United Farm Workers president Cesar Chavez accused the Carter administration yesterday of undermining the union's West Coast lettuce strike by not enforcing immigration laws against illegal aliens used as "strike breakers."

Chavez, who acknowledged that the strike is a make-or-break test for the union, made the charge at a meeting with reporters here during an East Coast trip to drum up support for a strike-related boycott.

Officials of the U.S. Immigration and Naturalization Service denied the Chavez charge, saying the government is "bending over backwards to maintain a neutral position" despite pressures from growers and union leaders alike to intervene.

"We'll try to check out all complaints, but we can't stop folks just because they look 'foreign'," said INS Commissioner Leonel J. Castillo. Chavez "wants us to support his strike," said Verne Jervis, INS public information officer. "He wants us to enforce the law when he's out on strike. The rest of the time he doesn't."

The UFW has been on strike against 11 growers in California's Imperial Valley since mid-January in a dispute over its demand for major wage and benefit increases, reportedly up to 200 percent in some cases.

Inconclusive so far, the strike is expected to enter a critical phase when the spring-summer harvest starts in two or three weeks in the Salinas Valley in central California.

One of the principal strike targets has been Sun Harvest Inc., a subsidiary of United Brands Co. and the nation's third-largest lettuce producer. The union's boycott is aimed at Chiquita brand bananas, the product of another United Brands subsidiary and an easy boycott target because each banan carries its own label.

With up to 30 percent of its 100,000 contract-covered members working in lettuce fields, the union deems the strike and boycott critical because it wants to prove itself as effective a labor organization as it is a social movement. "This is so serious that our whole union could be destroyed in the strike," Chavez said yesterday.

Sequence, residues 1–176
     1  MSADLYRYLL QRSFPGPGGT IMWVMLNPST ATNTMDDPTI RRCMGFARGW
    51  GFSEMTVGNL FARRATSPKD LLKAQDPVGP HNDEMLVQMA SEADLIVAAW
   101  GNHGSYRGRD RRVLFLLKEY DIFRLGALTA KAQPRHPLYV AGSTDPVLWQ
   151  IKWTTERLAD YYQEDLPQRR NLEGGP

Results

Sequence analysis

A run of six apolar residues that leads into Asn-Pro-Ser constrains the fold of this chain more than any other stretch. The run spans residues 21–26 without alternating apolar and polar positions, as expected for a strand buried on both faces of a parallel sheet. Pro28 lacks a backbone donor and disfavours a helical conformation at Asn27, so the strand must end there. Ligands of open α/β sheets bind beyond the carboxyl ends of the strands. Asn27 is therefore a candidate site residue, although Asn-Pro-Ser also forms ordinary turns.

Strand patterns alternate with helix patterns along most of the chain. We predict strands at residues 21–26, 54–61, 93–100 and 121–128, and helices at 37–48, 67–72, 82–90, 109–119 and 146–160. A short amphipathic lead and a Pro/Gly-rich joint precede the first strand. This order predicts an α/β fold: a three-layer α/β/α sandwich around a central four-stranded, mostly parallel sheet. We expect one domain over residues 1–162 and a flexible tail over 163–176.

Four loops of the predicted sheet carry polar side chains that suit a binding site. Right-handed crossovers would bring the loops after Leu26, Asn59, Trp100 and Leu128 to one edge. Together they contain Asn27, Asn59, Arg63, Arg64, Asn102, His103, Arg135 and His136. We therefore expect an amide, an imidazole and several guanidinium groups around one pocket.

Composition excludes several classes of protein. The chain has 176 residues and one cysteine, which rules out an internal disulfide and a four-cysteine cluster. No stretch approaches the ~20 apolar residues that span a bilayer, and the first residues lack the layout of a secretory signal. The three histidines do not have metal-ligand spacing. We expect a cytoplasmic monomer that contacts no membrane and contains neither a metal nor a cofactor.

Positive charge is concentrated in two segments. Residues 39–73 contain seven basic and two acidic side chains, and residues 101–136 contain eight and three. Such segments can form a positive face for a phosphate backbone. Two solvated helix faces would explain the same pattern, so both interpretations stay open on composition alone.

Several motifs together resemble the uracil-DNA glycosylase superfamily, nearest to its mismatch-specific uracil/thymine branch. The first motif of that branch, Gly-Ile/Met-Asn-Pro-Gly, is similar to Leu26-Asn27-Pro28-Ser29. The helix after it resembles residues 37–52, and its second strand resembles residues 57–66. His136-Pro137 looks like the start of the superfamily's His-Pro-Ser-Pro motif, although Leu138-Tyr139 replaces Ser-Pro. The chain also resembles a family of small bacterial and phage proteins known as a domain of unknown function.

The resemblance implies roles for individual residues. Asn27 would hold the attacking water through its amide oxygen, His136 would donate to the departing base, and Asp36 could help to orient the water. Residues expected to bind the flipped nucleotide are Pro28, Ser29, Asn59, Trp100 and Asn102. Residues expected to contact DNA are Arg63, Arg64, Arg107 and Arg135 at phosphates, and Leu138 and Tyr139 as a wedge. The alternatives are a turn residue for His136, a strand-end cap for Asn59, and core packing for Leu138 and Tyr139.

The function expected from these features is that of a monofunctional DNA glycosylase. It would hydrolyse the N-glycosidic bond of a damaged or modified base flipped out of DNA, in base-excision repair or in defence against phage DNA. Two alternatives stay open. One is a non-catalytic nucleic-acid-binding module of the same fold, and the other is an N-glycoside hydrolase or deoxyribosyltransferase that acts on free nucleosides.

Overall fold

Calling the government's immigration enforcement efforts a "farce," Chavez said that, despite 200 complaints from UFW members about illegal aliens working as strike breaders, the INS will not go into struck ranches to search them out. He added that there are "some whole camps full of illegal aliens" in the Salinas Valley just waiting for the harvest to start.

"We get checked more [by INS] on the picket lines . . . the illegals feel safer in the fields," Chavez complained.

Castillo said he was "sympathetic with Cesar's frustration" but said many of the union's complaints have been vague or unproductive when checked out. Ranch searches have been avoided if they could contribute to already tense situations, he said.

INS officials said arrests of illegal aliens hit a record 52,000 in California last month, up 35 percent from a year ago. That may be true, said Chavez, but they were "not from the struck fields, that's for sure."

Chavez said he is seeking a "blue ribbon" panel of labor, civil rights and church leaders to look into the California situation, possibly leading to congressional hearings. He said he had no immediate plans to appeal to White House officials because "they don't really care what our problems are."

As for next year's Democratic presidential politics, he said UFW members are cool to President Carter and look favorably on either Sen. Edward M. Kennedy (Mass.) or California Gov. Edmund G. (Jerry) Brown Jr.